One approach that has been used to overcome these issues associated with Cu wiring is to place an Al level over the last Cu wiring level in the integrated circuit device with a via level connecting the Al level to the Cu wiring level. With this approach wirebonds or C4s are made directly through the via level to the underlying Cu wiring. A problem associated with using the via level to make a wirebond or C4 with the Cu wiring level is that the via increases resistance and power between the Al level and the Cu wiring level. In addition, the use of the via level adds complexity and costs to forming wirebonds or C4s.

Therefore, there is a need for an approach that does not rely on using a via to make a wirebond or C4 with a Cu wiring level.

SUMMARY

In one embodiment, there is a semiconductor device that comprises a semiconductor base. In this embodiment, a dielectric layer is on the semiconductor base and at least one copper wiring level is in the dielectric layer. An aluminum stack wiring level is in direct contact with the at least one copper wiring level, wherein the aluminum stack wiring level covers all of the at least one copper wiring level.

In another embodiment, there is a semiconductor device that comprises a semiconductor base. In this embodiment, a dielectric layer is on the semiconductor base and at least one copper wiring level is in the dielectric layer. A barrier layer is in direct contact with the at least one copper wiring level. An aluminum wiring level is in direct contact with the barrier layer and the at least one copper wiring level, wherein the aluminum wiring level covers all of the barrier layer and the at least one copper wiring level.

In a third embodiment, there is a semiconductor device that comprises a semiconductor base. In this embodiment, a dielectric layer is on the semiconductor base and at least one copper wiring level is in the dielectric layer. In this embodiment, a portion of the at least one copper wiring level protrudes above the dielectric layer. An aluminum stack wiring level is in direct contact with the at least one copper wiring level, wherein the aluminum stack wiring level covers all of the at least one copper wiring level. In addition, the aluminum stack wiring level has a border that extends beyond all of the at least one copper wiring level to prevent exposure from occurring.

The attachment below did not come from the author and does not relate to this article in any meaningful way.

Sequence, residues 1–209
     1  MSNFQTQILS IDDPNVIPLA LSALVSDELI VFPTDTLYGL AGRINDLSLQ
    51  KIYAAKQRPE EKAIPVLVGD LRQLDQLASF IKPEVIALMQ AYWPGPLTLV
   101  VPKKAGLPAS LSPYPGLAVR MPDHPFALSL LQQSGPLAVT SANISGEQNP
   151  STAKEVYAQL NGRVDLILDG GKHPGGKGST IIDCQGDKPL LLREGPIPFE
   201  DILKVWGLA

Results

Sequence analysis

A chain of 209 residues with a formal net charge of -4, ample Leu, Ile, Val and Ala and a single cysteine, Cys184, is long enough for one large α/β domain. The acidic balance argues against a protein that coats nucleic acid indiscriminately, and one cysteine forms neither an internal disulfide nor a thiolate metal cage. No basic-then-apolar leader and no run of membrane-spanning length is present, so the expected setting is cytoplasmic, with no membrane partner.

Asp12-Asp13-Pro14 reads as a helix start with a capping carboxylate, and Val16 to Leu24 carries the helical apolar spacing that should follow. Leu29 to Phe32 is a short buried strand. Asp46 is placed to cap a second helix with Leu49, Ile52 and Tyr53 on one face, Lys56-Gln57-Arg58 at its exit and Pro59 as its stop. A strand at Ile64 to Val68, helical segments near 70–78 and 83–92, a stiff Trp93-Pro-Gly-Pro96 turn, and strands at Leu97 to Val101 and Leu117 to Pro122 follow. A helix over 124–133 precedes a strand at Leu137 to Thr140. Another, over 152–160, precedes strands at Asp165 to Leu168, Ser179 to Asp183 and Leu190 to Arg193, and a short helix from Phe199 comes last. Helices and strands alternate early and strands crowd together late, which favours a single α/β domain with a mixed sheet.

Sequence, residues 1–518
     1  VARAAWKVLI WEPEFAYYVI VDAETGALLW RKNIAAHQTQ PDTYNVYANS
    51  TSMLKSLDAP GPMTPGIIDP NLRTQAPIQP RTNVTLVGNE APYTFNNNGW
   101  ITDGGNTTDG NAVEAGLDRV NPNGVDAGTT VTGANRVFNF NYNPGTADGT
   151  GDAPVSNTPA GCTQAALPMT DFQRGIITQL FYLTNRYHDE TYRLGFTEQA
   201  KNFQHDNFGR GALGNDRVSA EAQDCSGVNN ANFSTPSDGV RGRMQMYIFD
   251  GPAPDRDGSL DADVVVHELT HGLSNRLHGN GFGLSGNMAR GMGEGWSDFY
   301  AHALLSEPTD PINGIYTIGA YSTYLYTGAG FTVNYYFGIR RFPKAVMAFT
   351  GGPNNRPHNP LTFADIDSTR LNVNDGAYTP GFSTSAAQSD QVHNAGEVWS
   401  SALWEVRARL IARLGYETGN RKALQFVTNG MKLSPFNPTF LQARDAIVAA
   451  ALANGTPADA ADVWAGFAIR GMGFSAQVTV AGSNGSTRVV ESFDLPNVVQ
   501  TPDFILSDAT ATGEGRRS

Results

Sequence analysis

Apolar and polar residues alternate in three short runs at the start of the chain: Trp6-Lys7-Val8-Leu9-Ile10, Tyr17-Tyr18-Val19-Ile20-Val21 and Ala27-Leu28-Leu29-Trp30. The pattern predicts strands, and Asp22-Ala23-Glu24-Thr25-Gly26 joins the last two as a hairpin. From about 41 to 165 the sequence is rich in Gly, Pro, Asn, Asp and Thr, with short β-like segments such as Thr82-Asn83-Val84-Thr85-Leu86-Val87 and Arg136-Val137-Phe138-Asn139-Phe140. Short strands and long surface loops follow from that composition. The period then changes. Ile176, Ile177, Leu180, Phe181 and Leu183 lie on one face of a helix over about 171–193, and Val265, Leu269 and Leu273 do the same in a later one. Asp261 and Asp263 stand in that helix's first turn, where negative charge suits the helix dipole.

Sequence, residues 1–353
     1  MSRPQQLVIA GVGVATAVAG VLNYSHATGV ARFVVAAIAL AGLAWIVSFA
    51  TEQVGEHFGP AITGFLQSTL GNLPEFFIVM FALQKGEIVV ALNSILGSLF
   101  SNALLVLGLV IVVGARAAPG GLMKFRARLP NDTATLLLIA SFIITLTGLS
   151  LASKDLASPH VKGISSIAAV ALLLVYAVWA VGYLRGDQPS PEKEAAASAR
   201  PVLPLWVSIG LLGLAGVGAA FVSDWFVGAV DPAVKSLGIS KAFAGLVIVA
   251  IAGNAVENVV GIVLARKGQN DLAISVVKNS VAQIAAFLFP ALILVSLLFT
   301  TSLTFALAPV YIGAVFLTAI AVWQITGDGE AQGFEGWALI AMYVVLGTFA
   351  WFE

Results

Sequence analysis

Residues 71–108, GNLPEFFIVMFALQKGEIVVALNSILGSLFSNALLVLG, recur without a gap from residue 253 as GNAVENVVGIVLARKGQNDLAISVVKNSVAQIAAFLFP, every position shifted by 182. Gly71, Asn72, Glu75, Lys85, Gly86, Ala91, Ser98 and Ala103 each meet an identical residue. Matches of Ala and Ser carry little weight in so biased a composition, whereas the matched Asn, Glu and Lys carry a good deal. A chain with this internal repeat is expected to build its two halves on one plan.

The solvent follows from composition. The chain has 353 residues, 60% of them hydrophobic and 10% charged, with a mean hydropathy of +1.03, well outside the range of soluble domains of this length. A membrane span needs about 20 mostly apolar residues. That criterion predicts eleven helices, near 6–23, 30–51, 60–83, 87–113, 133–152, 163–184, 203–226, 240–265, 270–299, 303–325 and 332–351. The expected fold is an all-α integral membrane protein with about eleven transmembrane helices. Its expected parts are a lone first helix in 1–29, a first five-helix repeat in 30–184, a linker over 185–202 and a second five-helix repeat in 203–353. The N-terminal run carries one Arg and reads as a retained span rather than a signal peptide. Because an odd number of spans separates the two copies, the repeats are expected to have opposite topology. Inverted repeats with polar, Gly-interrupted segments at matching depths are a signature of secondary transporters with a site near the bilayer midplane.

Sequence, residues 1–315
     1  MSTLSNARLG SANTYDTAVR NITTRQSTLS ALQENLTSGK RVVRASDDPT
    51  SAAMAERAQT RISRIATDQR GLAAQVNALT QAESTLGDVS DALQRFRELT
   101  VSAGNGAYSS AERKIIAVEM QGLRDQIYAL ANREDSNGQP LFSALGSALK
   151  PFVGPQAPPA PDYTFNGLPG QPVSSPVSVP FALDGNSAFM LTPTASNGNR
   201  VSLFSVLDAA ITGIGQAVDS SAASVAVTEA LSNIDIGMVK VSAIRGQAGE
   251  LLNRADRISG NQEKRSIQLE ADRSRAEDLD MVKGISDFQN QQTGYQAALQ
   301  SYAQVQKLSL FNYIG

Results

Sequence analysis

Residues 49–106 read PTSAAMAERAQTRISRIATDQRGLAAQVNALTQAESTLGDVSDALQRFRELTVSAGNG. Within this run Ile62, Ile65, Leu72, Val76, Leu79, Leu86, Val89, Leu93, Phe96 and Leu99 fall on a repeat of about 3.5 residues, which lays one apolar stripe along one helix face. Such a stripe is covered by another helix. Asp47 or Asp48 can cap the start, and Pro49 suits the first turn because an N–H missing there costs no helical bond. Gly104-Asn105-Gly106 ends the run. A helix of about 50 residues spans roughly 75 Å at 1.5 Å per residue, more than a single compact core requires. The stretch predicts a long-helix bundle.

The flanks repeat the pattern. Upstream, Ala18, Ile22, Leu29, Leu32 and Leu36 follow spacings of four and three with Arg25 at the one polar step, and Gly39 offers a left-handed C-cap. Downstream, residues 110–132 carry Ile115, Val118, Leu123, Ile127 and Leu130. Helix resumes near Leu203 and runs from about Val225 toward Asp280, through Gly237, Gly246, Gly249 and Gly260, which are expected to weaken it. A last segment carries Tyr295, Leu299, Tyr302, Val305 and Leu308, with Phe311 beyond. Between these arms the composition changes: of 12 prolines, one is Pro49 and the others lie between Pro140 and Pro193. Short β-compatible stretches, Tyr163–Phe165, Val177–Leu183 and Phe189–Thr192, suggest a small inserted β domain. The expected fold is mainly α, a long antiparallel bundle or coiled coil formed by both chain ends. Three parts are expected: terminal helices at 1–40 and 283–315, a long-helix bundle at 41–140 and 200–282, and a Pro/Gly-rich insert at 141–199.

BRIEF DESCRIPTION OF THE DRAWINGS

FIG. 1 shows a cross-sectional view of a portion of a semiconductor device having at least one copper wiring level in a dielectric layer that is on a semiconductor base;

FIG. 2 shows the semiconductor device depicted in FIG. 1 after performing an etching process;

FIG. 3 shows the semiconductor device depicted in FIG. 2 after depositing an Al wiring level;

FIG. 4 shows the semiconductor device depicted in FIG. 3 after forming termination pads and wires; and

FIG. 5 shows an alternative semiconductor device to the one depicted in FIG. 4.

DETAILED DESCRIPTION

FIG. 1 shows a cross-sectional view of a portion of a semiconductor device having a semiconductor base 10 and a dielectric layer 12 on the semiconductor base. The semiconductor base 10 may comprise integrated circuit devices formed therein. The dielectric layer 12 can comprise any suitable dielectric material such as an oxide, silicon dioxide, fluorinated silicon glass, a nitride, a polymer or low K dielectric.

Within the dielectric layer 12 are horizontally positioned metal levels 14 and 15 made of Cu or an alloy of Cu. Vias 16 made of Cu or an alloy of Cu, connect some of the metal levels 14 in the lower portion of the dielectric layer 12 to the metal levels 15 located directly above in the dielectric. Each of the metal levels 14 and 15 define a Cu wiring level in the dielectric layer 12. The Cu wiring levels within the dielectric layer 12 are used to connect with the integrated circuit devices formed in the semiconductor base 10. Note that not all of the metal levels 14 shown in FIG. 1 are connected to metal levels 15. It is possible that the metal levels 14 and 15 that are shown in FIG. 1 not connected to other metal levels within the dielectric layer 12 may be connected to other devices located above or below the dielectric. The connections of such metal levels 14 and 15 will depend on the circuit design. The semiconductor device shown in FIG. 1 is for illustration purposes and one of ordinary skill in the art will recognize that a device can have substantially more or less Cu wiring levels within the dielectric layer 12.

Damascene processes are used to generate the semiconductor device shown in FIG. 1 once the dielectric layer 12 has been placed on the semiconductor base 10. First, a damascene process is performed to generate a first Cu wiring level in the dielectric layer 12. Typically, in damascene processing, a plasma etch forms openings or trenches in the dielectric layer 12. The openings or trenches are plated with Cu. After depositing the Cu, the damascene processing continues with a chemical mechanical polish (CMP) that planarizes the Cu. Next, more dielectric is deposited to accommodate the vias 16 that will connect the first level of Cu wiring to a second level of Cu wiring. Another damascene process is then performed to generate the second level of Cu wiring and the vias 16 that connect the first and second levels of Cu wiring. In this damascene process, a plasma etch is used to form more openings or trenches in the dielectric layer 12. The openings or trenches are then plated with the Cu and a CMP is used to planarize the second level of Cu wiring. One of ordinary skill in the art will recognize that the damascene process to form the second level of Cu wiring and the vias can be either a single or dual damascene.